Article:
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Translating Real-World Wearables and Digital Self-Reporting Data to Novel Research Insights | Vaso-Occlusive Crisis Predictions and Treatment Pathway Insights in Sickle Cell Disease

The onset of a vaso-occlusive crisis (VOC) is an all too familiar feeling for many patients with sickle cell disease (SCD) – these severe pain crises presenting as one of the most common clinical manifestations of the disease.

With each crisis, the risk of end-organ damage and a shortened lifespan grows for patients in the long-term. Indeed, an estimated 95% of SCD hospitalisations are believed to be due to VOCs, and a recent study published in Paediatric Blood and Cancer found that children hospitalised due to a VOC can continue to experience adverse effects up to 12 months after the event. Critically, a significant decrease in Health-Related Quality of Life (HRQoL) was reported most prominently after 3 months – physical functioning presenting as the most affected subscale.

With the recent revoking of conditional approval for one SCD therapy, and ongoing efforts to meet the outstanding points of query from the National Institute for Health and Care Excellence (NICE) for another, it remains as vital as ever to find alternative routes to supporting patients with the management of these crises. In light of this, our recent work has focused on research that accelerates understanding across two key fronts: the prediction of VOCs, and the characterisation of pathways for current standards of care to support the optimal positioning of novel interventions.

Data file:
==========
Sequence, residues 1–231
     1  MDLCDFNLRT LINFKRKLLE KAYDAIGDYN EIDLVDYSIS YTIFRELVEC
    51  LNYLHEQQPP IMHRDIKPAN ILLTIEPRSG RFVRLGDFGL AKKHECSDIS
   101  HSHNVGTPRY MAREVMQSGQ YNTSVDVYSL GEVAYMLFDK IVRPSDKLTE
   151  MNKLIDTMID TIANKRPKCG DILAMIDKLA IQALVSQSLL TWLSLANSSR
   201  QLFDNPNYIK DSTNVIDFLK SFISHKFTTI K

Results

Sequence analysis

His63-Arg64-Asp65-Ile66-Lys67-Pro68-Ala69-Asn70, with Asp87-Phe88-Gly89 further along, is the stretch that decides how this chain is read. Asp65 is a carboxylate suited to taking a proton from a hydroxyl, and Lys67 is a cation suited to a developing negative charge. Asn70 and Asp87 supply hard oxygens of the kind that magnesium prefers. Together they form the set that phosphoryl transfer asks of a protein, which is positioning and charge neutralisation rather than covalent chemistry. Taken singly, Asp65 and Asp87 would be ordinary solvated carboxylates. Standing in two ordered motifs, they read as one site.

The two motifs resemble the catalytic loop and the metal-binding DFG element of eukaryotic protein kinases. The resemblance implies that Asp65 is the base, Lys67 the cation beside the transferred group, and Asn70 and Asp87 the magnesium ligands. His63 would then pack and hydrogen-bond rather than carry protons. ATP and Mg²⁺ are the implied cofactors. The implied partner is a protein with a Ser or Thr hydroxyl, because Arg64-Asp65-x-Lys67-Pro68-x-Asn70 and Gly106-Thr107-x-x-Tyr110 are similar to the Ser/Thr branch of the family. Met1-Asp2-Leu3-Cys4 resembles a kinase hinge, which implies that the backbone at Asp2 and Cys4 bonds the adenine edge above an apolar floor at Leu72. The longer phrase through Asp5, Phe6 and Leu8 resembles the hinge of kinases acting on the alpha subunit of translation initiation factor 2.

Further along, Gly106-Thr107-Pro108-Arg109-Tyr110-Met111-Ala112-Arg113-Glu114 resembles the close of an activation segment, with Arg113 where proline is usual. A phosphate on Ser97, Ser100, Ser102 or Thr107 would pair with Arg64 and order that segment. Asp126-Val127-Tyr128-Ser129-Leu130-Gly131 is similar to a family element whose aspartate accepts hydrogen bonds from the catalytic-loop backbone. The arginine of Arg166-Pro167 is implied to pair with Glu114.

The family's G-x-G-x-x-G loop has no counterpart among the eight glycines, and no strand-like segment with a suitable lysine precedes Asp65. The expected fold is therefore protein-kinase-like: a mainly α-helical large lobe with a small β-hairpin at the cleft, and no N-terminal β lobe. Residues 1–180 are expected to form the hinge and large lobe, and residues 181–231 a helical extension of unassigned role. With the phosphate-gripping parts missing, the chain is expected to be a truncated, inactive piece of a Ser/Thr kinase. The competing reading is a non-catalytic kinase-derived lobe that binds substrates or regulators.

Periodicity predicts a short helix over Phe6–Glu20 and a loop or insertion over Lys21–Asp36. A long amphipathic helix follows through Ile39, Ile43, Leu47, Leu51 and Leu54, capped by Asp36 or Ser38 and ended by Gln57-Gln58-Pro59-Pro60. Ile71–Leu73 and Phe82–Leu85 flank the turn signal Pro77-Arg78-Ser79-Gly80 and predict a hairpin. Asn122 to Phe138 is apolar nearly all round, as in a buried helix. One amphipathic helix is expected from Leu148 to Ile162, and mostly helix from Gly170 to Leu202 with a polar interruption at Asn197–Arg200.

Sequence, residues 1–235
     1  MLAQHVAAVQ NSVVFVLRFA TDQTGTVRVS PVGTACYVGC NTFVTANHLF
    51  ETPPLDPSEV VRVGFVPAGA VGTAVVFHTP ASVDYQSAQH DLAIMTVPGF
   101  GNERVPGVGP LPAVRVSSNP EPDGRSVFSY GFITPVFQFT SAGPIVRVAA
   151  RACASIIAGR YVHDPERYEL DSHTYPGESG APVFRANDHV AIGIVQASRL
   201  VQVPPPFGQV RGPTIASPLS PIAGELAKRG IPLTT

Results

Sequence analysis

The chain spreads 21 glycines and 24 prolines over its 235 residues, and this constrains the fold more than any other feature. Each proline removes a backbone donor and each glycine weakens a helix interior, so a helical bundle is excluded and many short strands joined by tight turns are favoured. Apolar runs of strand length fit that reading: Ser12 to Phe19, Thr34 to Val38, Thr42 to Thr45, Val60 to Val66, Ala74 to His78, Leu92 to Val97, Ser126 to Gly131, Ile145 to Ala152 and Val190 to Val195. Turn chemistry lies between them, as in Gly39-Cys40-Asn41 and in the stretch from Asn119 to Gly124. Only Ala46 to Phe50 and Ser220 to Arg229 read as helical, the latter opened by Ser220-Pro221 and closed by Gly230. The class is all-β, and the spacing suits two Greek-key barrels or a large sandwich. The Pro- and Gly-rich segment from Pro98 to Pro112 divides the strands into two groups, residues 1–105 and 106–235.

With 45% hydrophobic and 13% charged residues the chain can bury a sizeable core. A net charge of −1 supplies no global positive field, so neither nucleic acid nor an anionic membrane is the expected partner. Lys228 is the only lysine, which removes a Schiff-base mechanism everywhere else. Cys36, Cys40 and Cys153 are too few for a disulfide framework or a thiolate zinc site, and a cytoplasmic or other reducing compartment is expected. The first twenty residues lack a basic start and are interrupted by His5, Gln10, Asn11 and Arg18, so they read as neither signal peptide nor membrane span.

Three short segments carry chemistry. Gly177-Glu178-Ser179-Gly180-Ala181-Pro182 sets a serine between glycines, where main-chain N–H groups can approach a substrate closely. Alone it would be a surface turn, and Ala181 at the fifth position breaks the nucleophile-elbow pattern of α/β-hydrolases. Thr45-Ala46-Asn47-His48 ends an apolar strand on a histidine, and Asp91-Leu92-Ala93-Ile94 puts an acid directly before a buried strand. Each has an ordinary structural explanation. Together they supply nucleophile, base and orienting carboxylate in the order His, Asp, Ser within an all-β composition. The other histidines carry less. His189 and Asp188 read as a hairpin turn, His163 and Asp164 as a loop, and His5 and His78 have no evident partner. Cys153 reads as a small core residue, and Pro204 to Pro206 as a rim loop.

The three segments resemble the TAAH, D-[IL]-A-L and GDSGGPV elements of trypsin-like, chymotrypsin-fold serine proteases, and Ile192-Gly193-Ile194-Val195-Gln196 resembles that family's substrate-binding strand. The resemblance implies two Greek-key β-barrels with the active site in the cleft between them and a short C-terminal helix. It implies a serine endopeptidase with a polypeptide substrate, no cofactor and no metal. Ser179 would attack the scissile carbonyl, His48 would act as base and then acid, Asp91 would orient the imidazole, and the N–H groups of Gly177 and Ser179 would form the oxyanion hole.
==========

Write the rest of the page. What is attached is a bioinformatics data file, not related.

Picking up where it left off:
Due to be presented in both poster and oral presentation format later this month at the Annual Scientific Conference on Sickle Cell and Thalassaemia (ASCAT), we wanted to share an initial snapshot of this work with you here.

Predictive Technology, and the Core Variables That Feed It.

The foundation of our patient-driven ecosystem is powerful, real-world, real-time data that encompasses not only the physiological metrics found in medical records and captured by clinically validated wearable devices, but also the first-hand experiences of patients. This depth of data has allowed the development of a novel Artificial Intelligence (AI)-driven algorithm designed to predict the potential onset of a VOC, utilising longitudinal patient-reported outcomes (PRO), wearable smartwatch, and medical record data.

While each data point feeds into the predictive algorithm, with the exception of self-confirming or ‘a posteriori’ variables, a number of key variables of importance were identified. These metrics represented those with the highest importance score within the model based upon how often the variable was used in the neural net and gradient boosting machine. Focusing on the top 10, these ranged most prominently across quality of life-linked PROs, patient characteristics such as age, and environmental factors.

This recent piece focused on a data extract captured over 3.5 months, encompassing almost 190k datapoints across 90 distinct variables. From this, each patient’s likelihood of a VOC was calculated by the model, creating a risk score scaled from 0-100% each day. With a percentage of 75% and above considered a predicted VOC, the predictive output was assessed against the true incidence of patients’ self-reported VOCs, which were input via the mobile app each day as either a ‘Yes’, ‘Maybe’, or ‘No’.

Over the extract period, 82% of patient-reported VOCs were successfully predicted by the algorithm. Furthermore, regarding the negative predicted value, 85% of the instances in which patients reported ‘No’ VOC were predicted. As such, these insights provide an important initial translation of the daily, trackable data captured through the ecosystem to the development of real-world, VOC-predicting, AI-driven technology.